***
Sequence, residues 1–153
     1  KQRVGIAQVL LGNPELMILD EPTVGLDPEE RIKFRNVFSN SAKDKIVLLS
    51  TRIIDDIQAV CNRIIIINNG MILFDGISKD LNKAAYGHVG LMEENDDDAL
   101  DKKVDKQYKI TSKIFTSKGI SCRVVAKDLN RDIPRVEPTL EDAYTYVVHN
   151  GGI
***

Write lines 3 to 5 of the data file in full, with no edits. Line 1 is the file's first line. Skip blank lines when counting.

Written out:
    51  TRIIDDIQAV CNRIIIINNG MILFDGISKD LNKAAYGHVG LMEENDDDAL
   101  DKKVDKQYKI TSKIFTSKGI SCRVVAKDLN RDIPRVEPTL EDAYTYVVHN
   151  GGI